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321 Artists Meets: Alex Rogers (BBC Radio 1)


This week on ‘321 Artists Meets’ I chatted with the wonderful Alex Rogers, a freelance radio producer, who has recently spent a lot of time producing at BBC Radio 1.


For some, getting your music onto the major radio stations can seem like a dream destination for your music, but sometimes it can feel like a long journey to get there. There are different options thrown in your direction as to how you can achieve this, some more affordable and accessible than others, but what’s the right way to go about it?


One of the most common avenues that is recommended to an emerging artist to get their music heard by radio producers is to hire or employ a radio plugger who has good relationships with the producers.


Alex:

I think radio pluggers can be integral to an artist’s journey but they’re only one part of the bigger picture. There are a couple of them who I really trust but when I’m thinking of who to flag to a presenter or colleague, I look beyond who’s bringing the artist to me and think about whether their sound fit the show, if their story piques my interest, and what their fanbase is like. For an emerging artist releasing off your own back, you won't have the resources and track record of hitting the same numbers as a major label artist but you can still nurture a fascinating sound and dedicated audience of fanatics. If you're at the beginning of your musical journey, the right plugger who is passionate about the genre you're making can make a world of difference but others can be expensive and there's no guarantee you'll get your music in front of the right radio producer. I would recommend thinking about what you'd like to get out of employing a radio plugger as it's not the only way to reach music outlets!


Whilst working at BBC Radio 1, Alex had a close relationship with the team at BBC Introducing, arguably one of the important and effective tools for an emerging artist. BBC Introducing is a free platform for emerging artists to upload their music to and their music is then listened to the regional teams, who then may pass it onto the major stations.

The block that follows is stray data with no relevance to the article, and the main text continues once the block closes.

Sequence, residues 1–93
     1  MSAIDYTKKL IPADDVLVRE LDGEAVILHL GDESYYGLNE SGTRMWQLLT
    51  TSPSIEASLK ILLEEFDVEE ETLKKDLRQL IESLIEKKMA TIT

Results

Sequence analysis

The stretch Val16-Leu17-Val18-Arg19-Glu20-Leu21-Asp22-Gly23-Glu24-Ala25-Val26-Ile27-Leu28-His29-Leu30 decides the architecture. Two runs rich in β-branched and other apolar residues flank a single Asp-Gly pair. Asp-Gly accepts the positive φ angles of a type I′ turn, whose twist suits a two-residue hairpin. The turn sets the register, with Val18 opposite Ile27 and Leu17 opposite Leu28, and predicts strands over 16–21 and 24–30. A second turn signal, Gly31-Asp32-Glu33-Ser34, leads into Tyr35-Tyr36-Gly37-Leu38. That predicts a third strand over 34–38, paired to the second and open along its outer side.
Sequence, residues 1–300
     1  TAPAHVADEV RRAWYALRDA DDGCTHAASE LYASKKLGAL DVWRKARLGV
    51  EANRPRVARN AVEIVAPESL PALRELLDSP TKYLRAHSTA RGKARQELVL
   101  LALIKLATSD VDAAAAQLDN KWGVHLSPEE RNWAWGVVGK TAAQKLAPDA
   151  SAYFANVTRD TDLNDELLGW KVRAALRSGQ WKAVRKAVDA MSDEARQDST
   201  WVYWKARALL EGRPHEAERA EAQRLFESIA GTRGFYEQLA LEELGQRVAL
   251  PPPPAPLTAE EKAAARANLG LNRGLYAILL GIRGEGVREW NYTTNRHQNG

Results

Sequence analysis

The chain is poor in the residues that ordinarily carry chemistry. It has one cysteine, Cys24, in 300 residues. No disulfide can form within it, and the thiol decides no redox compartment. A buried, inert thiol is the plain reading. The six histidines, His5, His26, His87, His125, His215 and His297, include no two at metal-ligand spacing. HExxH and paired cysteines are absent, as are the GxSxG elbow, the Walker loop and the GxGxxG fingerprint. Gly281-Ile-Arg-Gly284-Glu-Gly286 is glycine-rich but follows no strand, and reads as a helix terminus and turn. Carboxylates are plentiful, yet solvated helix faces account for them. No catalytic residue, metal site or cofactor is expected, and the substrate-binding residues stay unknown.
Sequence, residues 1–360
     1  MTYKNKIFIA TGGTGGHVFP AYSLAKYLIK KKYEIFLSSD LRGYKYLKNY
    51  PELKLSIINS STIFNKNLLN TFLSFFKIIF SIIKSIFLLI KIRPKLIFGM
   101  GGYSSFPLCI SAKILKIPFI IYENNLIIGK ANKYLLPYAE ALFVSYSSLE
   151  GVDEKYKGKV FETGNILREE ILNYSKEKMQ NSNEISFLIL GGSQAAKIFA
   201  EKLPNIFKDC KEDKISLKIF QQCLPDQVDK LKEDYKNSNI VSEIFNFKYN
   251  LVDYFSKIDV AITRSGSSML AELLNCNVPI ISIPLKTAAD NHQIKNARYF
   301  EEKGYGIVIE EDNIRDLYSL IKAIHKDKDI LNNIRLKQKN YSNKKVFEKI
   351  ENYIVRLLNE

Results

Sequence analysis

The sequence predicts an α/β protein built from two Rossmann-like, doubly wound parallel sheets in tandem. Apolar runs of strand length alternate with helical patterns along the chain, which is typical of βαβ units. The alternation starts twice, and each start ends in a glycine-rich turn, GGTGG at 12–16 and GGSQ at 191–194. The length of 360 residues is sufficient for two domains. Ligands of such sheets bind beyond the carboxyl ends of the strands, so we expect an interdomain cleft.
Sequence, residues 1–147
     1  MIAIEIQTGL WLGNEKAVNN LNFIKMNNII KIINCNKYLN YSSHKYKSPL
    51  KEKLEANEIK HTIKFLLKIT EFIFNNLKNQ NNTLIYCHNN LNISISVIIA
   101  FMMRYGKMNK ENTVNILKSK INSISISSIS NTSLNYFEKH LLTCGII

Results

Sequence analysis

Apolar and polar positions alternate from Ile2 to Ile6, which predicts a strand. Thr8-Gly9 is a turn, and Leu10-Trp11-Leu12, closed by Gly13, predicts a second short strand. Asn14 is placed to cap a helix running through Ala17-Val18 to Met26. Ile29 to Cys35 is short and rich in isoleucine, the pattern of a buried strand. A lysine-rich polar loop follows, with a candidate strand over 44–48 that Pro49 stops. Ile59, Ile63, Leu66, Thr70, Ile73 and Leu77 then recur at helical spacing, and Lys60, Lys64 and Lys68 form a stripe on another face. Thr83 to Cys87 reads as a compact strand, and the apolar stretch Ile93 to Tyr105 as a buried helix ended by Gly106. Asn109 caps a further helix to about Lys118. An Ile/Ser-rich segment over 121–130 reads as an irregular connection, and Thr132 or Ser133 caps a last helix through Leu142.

Alex:

BBC Music Introducing is certainly very important; we have Huw Stephens' show and each week one track gets picked from a local show to be played each day across Radio 1. So many artists we play and who perform at Big Weekend started out by putting their music on the Introducing Uploader; there's Slaves, Florence and the Machine, George Ezra and loads more... If they're from the UK they've probably been played somewhere on BBC Introducing. I (like a lot of people in the music and radio industries) think it's a constant source of great new music in a time where the traditional outlets of discovery are in a state of flux.


Radio is not only a useful tool for emerging artists, it is also a great building block for those wanting a career in music, and can lead to a number of different opportunities. There are many roles involved within a radio station, and the journey to these roles can vary.


Alex:

My first step in radio was signing up to my university's student radio in Freshers' Week and getting a show. From there, I interviewed loads of my favourite bands, helped put on gig nights and made loads of good friends. My foot in the door at Radio 1 was answering the phones on The Surgery with Gemma Cairney each week, while building up experience at various other stations, and from there I became a Team Assistant on Matt Edmondson and Alice Levine's shows. If you're interested in a career in radio I would suggest finding your nearest student or community station and get stuck in. You can show your passion and peak the attention of a national station with a podcast, blog or social media channel too!


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